New insolvency, company restructuring rules to take effect in April

  • Lusa
  • 11 January 2022

A new law published in the state gazette on Tuesday reduces the period of personal insolvency to three years from the current five.

New rules on insolvency and restructuring of companies in Portugal come into force in mid-April, under a law published in the state gazette on Tuesday that reduces the period of personal insolvency to three years from the current five.

At present, people who file for insolvency are limited in their financial life for five years, after which the period of assignment of disposable income ends, freeing them from the remaining debts. That interim period is now to be reduced to three years.

“If the debtor is an individual, he may be granted exoneration of insolvency claims that are not paid in full during the insolvency process or within three years of its closure,” reads the law now published in the country’s Official Gazette.

In addition to this reduction in the time limit, it will now be possible to seize or sell assets at the end of the liquidation of the debtor’s assets and after the insolvency process has been closed, with a view to delivering the value of the assets to creditors.

Another change concerns companies resorting to the Special Revitalisation Process (PER), which as of April is to last four months, with the possibility of an extension for one further month, to negotiate a plan with creditors under which debt enforcement is be suspended.

At the reasoned request of the company, a creditor or the provisional judicial administrator, provided this is lodged within the negotiation period, the judge may immediately extend the suspension period for one month, if there has been significant progress in the negotiations of the restructuring plan, if it is essential to ensure the recovery of the company’s activity or if the continuation of the suspension of enforcement measures does not unfairly prejudice the rights or interests of the affected parties.

The law published on Tuesday comes into force 90 days after publication, that is in mid-April, and applies not only to new cases but also to pending proceedings, albeit with a transitional regime allowing some changes to apply only to PERs brought after the law comes into force.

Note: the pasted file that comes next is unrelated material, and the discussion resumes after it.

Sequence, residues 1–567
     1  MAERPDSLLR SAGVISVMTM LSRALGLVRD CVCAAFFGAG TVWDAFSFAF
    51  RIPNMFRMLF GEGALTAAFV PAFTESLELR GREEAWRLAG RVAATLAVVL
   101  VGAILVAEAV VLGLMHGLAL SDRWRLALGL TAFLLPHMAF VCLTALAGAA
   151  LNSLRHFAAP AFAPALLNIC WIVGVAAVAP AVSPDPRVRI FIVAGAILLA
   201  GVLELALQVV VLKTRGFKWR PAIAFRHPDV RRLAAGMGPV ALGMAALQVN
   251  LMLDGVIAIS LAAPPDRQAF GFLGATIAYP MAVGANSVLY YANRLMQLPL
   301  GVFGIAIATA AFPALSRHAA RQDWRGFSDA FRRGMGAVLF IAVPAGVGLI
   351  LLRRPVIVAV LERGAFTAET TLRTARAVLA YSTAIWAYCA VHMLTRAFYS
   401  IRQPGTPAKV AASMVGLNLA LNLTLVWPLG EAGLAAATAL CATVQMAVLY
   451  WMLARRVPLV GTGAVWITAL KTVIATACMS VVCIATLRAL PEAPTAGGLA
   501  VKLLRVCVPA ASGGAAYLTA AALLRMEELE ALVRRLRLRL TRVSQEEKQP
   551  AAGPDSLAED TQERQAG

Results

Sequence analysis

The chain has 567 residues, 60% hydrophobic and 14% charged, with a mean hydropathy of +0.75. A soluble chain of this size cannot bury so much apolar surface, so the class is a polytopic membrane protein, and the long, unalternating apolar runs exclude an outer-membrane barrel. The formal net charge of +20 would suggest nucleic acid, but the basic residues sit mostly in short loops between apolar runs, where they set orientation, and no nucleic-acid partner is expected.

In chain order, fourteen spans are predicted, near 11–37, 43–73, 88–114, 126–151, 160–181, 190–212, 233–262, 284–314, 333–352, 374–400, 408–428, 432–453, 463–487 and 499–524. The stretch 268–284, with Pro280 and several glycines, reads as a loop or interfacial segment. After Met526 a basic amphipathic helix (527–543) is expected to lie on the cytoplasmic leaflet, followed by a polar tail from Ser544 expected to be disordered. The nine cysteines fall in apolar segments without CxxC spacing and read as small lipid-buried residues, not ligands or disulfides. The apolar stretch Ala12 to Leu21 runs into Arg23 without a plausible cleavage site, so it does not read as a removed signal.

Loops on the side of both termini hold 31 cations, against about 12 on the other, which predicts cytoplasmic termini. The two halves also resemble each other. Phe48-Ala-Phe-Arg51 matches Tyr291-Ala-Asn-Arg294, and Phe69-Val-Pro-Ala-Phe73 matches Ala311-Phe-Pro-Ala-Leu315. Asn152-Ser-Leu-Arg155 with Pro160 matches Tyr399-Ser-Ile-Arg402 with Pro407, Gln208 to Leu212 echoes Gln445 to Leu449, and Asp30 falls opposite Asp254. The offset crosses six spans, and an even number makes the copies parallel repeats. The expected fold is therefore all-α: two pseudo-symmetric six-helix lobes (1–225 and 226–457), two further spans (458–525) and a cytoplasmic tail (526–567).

As for insolvency proceedings of individuals pending on the date of entry into force of the law, in which the request for discharge of the remaining liabilities has been granted on a preliminary basis and whose period of assignment of available income in progress has already completed three years on the date of entry into force of the new law, “the said period is considered to have ended with the entry into force of this law.”

The provisions of the new law, according to this transitional regime, “does not affect the processing and judgement, in the first instance or on appeal, of any pending issues regarding the incident of exemption of the remaining liabilities, such as those relating to the value of the unavailable income, terms of allocation of the debtor’s income or requests for early termination of the exemption procedure.”

The law now published was approved by parliament in mid-November, with the governing Socialist Party (PS) and the three-member People-Animals-Nature (PAN) voting in favour and all other members of parliament abstaining. It was promulgated on 25 December by the president, Marcelo Rebelo de Sousa.

The legislation seeks to implement commitments made by Portugal under the Recovery and Resilience Plan (RRP) for spending European Union post-pandemic funds and transposes into national law an EU directive that aims to speed up the access of companies in preventive restructuring schemes, which allow the company to maintain its activity and avoid job losses, and to ensure that insolvent or over-indebted companies benefit from total debt forgiveness after a certain period.